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Decisions in Marriage and Divorce: From Me to Us and Back Again.

by | Jun 13, 2023 | Decision Making, Divorce, Mediation

When we are young our parents are involved in a lot of our decision making.  As we get older we take over this responsibility and start getting the opportunity to make our own decisions.  When we enter romantic relationships and marriage we move to a new phase where we share decision making with our partners.  Many couples have different ways of sharing  this responsibility but for relationships to work we typically must be thoughtful in involving our spouses in important decisions as well as thoughtful about how our decisions will impact one another.  Divorce involves shifting once again from making “us” decisions back to making one’s own decisions.  This week we focus on the good and bad that comes from both maintaining the autonomy to make our own decisions, and surrendering some of that autonomy for the good of a relationship.  A big benefit of being the sole decision maker is we can focus more on taking care of ourselves and making sure our own needs are met.  On the other hand it is nice to have the support and input of others as we make our decisions and to have others vested in the outcome of our decisions.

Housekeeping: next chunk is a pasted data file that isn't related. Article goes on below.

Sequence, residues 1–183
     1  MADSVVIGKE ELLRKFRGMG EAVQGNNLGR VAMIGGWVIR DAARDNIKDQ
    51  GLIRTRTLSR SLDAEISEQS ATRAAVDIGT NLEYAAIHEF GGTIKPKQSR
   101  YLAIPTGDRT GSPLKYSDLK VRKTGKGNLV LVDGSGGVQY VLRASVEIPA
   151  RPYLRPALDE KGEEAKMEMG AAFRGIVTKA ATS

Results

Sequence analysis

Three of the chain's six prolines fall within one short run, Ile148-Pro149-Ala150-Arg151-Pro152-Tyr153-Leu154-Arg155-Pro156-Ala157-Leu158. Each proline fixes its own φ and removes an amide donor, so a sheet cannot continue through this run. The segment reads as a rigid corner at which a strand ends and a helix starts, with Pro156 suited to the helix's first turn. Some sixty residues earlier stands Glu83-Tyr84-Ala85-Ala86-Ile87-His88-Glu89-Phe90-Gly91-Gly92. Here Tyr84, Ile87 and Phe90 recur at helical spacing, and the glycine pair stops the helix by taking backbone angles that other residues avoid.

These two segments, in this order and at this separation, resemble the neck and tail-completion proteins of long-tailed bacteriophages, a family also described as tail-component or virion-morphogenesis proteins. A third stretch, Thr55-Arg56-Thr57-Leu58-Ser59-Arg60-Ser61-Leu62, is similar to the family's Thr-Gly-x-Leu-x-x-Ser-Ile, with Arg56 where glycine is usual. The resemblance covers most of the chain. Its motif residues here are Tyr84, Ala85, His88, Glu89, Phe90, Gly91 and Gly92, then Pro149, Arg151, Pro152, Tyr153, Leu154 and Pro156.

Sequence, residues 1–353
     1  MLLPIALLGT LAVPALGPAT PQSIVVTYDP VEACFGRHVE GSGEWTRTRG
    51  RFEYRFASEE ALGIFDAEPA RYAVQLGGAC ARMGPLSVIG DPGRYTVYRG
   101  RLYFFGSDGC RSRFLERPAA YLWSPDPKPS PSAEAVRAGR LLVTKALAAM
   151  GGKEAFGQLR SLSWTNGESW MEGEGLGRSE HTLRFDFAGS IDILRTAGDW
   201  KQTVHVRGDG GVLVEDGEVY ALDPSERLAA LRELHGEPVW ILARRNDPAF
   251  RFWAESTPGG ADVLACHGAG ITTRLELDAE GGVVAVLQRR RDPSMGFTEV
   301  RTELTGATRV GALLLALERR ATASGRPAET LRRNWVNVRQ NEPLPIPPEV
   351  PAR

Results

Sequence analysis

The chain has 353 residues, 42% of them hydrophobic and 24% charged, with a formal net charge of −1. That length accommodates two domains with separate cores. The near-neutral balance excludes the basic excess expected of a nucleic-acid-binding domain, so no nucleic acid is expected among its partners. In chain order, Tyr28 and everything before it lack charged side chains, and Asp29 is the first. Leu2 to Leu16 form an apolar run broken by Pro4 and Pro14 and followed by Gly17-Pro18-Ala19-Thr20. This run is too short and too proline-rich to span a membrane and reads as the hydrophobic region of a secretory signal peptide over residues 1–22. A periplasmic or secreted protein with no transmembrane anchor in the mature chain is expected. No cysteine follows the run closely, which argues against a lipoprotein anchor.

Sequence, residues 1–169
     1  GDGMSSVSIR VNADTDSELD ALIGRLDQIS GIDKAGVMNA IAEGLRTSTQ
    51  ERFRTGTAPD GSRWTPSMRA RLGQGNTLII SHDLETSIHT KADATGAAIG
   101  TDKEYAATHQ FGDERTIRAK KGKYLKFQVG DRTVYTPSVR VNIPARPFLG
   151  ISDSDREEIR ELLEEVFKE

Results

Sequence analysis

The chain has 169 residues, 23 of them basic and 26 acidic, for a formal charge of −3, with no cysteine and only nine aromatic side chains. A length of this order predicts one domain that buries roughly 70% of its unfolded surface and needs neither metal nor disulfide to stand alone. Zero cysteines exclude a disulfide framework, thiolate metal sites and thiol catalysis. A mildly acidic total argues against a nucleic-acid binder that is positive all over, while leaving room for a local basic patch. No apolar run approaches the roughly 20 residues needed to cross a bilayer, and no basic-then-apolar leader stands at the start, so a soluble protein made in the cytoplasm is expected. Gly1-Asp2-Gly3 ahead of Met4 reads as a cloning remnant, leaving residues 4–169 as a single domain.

After I graduated from college I had a little bit of time before I was to begin Law School.  I saved up some money and planned a solo trip to Australia.  I arrived in Sydney with a backpack, tent, sleeping bag, some clothing, and seven weeks before I would be returning to Sydney for my return flight home.  I had some ideas about what I wanted to do;  Scuba diving the Great Barrier Reef, exploring Ayers Rock, lounging on a beach in the rain forests, hanging out with some koalas and kangaroos, but I had left the actual itinerary for a complete clean slate.  I can’t really think back to another time in my life when I was left absolutely free to make my own decisions and that the only consideration really was me.